NINE DAYS review
What Comes Next?
“Nine Days” follows a man named Will (Winston Duke) who spends his days jotting down notes as he watches each of the 20+ TV monitors in his living room. We quickly learn that he’s watching people live their lives, from their point-of-view. After the sudden passing of one of his entries, his true profession comes to light. He’s an interviewer and he must interview 5 different souls for the chance to be born on Earth. Only one will be chosen, while the other four will disappear forever. Alexander (Tony Hale), Kane (Bill Skarsgård), Mike (David Rysdahl), Maria (Arianna Ortiz), and Emma (Zazie Beetz). With the help of his friend Kyo (Benedict Wong), Will must choose which has the best chance on Earth; all while still struggling with the loss of one of his own.
Edson Oda’s debut is one that will stick with you long-after the credits roll. “Nine Days” is powerful, introspective imagining of how life comes to be that focuses on the importance of the human spirit. Winston Duke gives a raw, levitating performance that is sure to be talked about for months to come. His interaction with each of the other interviewees is authentic and genuine, as you grow to care and feel for each of them. You find yourself feeling their fear and uneasiness as their erasure nears. It’s remarkable how Oda gives so much with so little exposition, but the film is both gripping and tense. His chemistry with Wong is also important, as he serves as an important figure in the process.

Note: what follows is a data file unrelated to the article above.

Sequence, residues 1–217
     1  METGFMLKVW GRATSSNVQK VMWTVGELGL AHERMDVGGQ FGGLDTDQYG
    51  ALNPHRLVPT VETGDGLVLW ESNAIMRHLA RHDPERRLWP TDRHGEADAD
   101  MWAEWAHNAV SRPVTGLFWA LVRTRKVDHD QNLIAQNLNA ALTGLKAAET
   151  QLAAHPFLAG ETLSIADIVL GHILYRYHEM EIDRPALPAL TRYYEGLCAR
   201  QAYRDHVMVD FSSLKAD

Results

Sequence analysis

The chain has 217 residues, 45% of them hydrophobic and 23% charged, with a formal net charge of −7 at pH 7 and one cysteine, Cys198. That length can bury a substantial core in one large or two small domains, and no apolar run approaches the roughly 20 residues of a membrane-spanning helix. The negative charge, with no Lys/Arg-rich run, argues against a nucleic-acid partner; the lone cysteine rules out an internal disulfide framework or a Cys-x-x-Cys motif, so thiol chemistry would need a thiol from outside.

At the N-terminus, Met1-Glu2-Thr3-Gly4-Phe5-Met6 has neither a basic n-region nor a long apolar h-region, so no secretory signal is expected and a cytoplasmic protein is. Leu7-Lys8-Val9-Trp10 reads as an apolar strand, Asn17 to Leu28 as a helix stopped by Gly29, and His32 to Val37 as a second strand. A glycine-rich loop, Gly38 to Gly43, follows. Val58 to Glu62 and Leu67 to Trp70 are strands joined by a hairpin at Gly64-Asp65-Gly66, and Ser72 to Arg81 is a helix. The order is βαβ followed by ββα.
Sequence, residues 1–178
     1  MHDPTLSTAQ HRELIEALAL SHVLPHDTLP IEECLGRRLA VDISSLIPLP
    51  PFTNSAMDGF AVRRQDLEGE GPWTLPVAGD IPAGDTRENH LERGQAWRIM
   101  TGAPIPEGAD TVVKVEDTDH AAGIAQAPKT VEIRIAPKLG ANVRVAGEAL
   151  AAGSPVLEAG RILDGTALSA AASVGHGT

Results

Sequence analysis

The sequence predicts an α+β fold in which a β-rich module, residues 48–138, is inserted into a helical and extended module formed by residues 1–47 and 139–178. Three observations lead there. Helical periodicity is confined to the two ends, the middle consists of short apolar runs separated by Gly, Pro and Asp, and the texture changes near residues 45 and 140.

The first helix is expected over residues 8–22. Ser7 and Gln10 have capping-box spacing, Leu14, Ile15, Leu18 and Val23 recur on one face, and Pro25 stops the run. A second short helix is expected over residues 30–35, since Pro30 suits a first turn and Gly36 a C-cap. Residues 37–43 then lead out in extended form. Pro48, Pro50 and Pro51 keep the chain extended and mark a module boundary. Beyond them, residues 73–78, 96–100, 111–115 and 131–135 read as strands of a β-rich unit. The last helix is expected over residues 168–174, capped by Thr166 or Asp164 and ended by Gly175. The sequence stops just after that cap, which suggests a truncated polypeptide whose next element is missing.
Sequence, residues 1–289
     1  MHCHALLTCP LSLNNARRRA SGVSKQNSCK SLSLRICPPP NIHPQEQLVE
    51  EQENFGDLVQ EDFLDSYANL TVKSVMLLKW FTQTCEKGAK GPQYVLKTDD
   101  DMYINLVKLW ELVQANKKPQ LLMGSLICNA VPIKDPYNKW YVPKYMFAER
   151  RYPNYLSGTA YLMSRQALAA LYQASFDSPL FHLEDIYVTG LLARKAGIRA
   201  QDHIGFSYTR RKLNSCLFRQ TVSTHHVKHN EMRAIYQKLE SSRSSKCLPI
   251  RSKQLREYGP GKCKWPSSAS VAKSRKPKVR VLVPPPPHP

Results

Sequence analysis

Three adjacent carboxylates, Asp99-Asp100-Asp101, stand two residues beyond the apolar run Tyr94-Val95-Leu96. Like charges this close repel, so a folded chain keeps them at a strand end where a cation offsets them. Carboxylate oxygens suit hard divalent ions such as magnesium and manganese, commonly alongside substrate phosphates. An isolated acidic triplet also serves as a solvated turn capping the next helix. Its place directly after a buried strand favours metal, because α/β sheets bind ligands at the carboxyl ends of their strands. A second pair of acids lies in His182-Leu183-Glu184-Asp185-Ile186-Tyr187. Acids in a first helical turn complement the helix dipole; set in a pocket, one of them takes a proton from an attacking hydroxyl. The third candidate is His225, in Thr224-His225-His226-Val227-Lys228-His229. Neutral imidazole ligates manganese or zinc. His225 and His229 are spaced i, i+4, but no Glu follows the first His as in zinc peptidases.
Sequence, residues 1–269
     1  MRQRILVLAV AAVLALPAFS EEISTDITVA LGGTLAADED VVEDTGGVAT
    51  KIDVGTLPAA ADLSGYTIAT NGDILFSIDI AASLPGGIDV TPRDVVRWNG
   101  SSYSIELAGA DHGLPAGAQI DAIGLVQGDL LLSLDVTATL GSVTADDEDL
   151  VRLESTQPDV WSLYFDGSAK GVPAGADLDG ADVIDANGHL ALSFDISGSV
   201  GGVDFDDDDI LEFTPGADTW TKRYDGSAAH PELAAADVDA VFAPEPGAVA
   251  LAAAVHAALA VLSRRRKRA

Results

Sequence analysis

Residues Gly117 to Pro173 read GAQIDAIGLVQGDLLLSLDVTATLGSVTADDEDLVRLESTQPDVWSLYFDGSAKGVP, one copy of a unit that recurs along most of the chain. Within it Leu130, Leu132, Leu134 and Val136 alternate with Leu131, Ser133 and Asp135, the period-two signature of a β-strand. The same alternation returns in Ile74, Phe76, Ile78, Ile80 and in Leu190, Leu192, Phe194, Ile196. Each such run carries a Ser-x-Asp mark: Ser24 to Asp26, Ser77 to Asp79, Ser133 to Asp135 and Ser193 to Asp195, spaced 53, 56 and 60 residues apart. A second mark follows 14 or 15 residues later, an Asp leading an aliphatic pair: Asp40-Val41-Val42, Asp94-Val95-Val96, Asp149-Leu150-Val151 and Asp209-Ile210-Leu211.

The film’s true beauty comes from its message of life. All of the little subtle moments that occur daily or that we take for granted are seen in a new lens; “Nine Days” gives you a new perspective on life and makes you appreciate it all. The 124 minutes pass by quickly as the story unfolds and we await Will’s choice. The fragility of the decision is never in-doubt, as you feel one’s life hanging in the balance. A completely original idea, Oda’s “Nine Days” is sure to upset some as well. Some will question, where is God? Religion isn’t the focus here, rather the focus is on the good of one’s soul. While the film deals with a heavy subject, Oda refuses to preach any beliefs and the product is all the better for that.
“Nine Days” is a moving focus of the portrait of life that is sure to offer a new outlook for those who follow and Duke’s commanding performance demands to be seen!
NINE DAYS is rated R for language